Star-Bellied Sneetch Boy

This Boy Seriously Gets The Whole Star-Bellied Concept. Way to Go, Little Dude!


 
Given old Fothie’s penchant for juvenile humor, the fact that he chose to reveal his latest discovery in the form of a childish tale is also no surprise, if still disappointing.
 
Professor Fotheringale

For Shame, Fotheringale. For Shame.


 



ADDENDUM

The first post based on a cache of old papers I’ve been scanning before discarding. This one is a story I wrote in 8th grade, unedited. (Professor Fotheringale was added later.) My nest-mate sister laughed and said “I’m not surprised at all that you would write a story like that, coming from our family. And it predicts nicely your Dinner For Seven.”
 

The Original Glunkschmuzzit Story

Who Remembers White-Out?


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10 Comments

  1. Paul

     /  2014/06/09

    Awwww, poor Mr. Jones. That’s pretty impressive writing for an 8th grader OB. I look forward to the continuation of the story – oh, and great egg drawings!

    Like

    Reply
    • I’m laughing, here, Paul. I felt so mean leaving Mr. Jones out in the cold like that, but there IS no continuation, and was never meant to be. It was a cold, hard lesson in just how nasty people are to each other as soon as they learn someone is Other. It bothered me so much when I was young. We’ve improved in some ways–e.g. less gay-bashing–and taken steps backward in others: more sexism despite, or because of, more women in the workforce, more statements of prejudice against those of other ethnicities, openly tolerated.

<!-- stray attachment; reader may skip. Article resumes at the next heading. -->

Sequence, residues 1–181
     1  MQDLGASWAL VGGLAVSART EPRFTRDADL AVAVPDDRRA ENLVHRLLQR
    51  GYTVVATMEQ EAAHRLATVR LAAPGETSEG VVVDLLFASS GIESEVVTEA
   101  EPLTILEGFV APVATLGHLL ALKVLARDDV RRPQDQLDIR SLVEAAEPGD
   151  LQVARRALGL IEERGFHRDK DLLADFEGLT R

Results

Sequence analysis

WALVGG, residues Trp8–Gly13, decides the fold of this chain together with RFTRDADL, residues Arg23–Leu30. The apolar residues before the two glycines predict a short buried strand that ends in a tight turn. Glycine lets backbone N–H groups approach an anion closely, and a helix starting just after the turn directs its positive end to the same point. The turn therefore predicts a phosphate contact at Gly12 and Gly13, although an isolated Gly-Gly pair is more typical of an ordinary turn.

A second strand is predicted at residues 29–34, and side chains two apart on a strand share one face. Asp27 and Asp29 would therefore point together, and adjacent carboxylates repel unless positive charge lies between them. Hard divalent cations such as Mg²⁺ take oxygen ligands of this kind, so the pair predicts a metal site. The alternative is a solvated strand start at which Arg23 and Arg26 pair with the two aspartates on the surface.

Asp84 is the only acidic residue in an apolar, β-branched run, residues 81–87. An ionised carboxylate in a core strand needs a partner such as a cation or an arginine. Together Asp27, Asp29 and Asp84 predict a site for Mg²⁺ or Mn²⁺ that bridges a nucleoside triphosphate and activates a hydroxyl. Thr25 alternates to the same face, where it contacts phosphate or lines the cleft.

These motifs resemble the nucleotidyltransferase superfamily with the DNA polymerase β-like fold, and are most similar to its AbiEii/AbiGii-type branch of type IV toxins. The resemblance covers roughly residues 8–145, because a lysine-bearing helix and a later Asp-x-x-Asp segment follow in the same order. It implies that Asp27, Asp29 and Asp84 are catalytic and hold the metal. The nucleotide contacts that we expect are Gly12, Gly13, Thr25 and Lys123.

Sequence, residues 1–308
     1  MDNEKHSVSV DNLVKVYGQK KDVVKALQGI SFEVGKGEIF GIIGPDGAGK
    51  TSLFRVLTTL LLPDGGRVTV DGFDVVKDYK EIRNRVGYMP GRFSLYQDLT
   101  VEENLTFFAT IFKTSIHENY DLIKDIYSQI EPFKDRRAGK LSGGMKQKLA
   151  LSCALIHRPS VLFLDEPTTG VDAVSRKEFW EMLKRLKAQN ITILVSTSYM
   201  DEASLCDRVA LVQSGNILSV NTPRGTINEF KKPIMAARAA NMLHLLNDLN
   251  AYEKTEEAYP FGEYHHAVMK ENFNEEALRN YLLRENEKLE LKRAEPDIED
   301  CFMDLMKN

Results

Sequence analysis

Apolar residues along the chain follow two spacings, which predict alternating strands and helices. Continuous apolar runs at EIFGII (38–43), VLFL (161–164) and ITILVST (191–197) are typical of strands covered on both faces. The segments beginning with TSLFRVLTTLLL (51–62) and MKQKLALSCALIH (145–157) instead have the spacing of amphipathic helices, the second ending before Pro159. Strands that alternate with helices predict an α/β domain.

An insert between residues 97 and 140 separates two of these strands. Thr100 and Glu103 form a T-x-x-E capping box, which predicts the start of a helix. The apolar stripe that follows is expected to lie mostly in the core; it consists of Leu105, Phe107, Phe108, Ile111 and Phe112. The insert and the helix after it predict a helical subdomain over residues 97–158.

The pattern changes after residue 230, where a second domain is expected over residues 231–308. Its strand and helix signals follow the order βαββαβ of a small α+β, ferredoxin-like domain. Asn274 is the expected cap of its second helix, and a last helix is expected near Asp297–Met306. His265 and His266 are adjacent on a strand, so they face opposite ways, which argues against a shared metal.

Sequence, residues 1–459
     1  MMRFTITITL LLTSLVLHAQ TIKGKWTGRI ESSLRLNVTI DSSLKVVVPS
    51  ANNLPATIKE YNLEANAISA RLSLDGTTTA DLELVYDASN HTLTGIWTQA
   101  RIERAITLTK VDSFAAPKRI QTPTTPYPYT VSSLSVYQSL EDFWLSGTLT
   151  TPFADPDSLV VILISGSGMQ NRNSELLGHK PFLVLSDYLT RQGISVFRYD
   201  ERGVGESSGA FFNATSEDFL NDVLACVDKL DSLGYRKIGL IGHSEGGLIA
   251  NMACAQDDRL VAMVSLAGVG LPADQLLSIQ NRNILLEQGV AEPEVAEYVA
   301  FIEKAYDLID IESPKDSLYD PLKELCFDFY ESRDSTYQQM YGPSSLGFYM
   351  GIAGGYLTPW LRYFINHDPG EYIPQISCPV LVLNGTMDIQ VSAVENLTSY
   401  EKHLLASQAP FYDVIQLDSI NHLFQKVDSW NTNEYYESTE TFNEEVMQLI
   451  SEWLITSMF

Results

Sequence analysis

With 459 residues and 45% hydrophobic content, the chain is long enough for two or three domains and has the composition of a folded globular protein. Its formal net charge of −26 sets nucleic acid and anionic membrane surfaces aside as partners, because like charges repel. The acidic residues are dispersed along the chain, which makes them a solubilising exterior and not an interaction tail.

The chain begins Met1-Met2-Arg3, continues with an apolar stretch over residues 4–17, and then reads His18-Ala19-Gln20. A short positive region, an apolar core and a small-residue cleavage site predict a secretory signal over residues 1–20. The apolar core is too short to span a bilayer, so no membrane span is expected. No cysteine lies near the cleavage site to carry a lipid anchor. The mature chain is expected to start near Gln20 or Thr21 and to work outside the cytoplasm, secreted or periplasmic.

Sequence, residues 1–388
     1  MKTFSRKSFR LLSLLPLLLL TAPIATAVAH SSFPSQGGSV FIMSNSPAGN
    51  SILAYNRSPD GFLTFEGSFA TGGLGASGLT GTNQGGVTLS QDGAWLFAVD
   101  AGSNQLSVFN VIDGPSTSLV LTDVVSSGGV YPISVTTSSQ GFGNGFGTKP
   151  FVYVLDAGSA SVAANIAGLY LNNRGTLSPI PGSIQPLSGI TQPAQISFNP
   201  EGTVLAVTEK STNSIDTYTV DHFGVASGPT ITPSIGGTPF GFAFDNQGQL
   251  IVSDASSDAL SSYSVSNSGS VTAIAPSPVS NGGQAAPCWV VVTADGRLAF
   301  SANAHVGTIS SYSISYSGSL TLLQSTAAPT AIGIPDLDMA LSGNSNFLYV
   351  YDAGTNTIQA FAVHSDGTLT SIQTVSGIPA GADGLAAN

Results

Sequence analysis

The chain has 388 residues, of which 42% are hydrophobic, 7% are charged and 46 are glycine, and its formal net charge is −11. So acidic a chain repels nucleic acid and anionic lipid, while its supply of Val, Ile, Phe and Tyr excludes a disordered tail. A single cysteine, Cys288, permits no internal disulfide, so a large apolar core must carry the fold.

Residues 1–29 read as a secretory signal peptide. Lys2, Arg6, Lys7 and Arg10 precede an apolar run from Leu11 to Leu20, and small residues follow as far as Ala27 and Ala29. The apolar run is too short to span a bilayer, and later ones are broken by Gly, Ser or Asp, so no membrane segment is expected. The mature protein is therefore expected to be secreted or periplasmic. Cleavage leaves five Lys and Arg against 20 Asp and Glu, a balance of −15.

It is funny now that, back when I wrote the piece, the W.A.S.P. name of Mr. Jones was chosen both for the contrast with the creature names and for the ridiculous notion that a mainstream white dude could be discriminated against in that way. Little did little Babe know the ways populations and ethnic distributions would change : )

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      Reply
    • Whoops–forgot to add: Other online unknowns deserve credit for the cute eggs (one could use the links to track them down)–thanks for thinking I’m that clever!

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      Reply
  2. “Soapsuds” made me smile.

    Extraordinary work for grade 8. Glad you kept it.

    By the way? Who remembers white out? I do.

    Like

    Reply
    • I’m glad, Maggie. I loved sly old Grandmother Glunkschmuzzit then, and was pleased to find that I still do today. And thank you for that “extraordinary” : )

      (Sidebar–Insight into abused child mind: Your lovely compliment, with its “for grade 8”, was immediately twisted/interpreted as “Oh. So it is entirely un-entertaining now, for adults.”–and the low hits so far today support that. Happily, I know you are not Satan-friendly, and, as for those stats, Tomorrah is Anothah Post!

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      Reply
      • eek! I can see how my words, with a different emPHAsis could be heard as you did! I’m sorry for that.

        Now Scarlet, you don’t worry your pretty little noggin and have a good evening!

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        Reply
  3. Love this story!

    To be honest, it’s pretty hard to forgive you, Outlier… you wrote better as an 8th grader than I do today!

    Like

    Reply
  4. RR

     /  2014/06/09

    A wonderful read – love the sly Grandma 😉

    Like

    Reply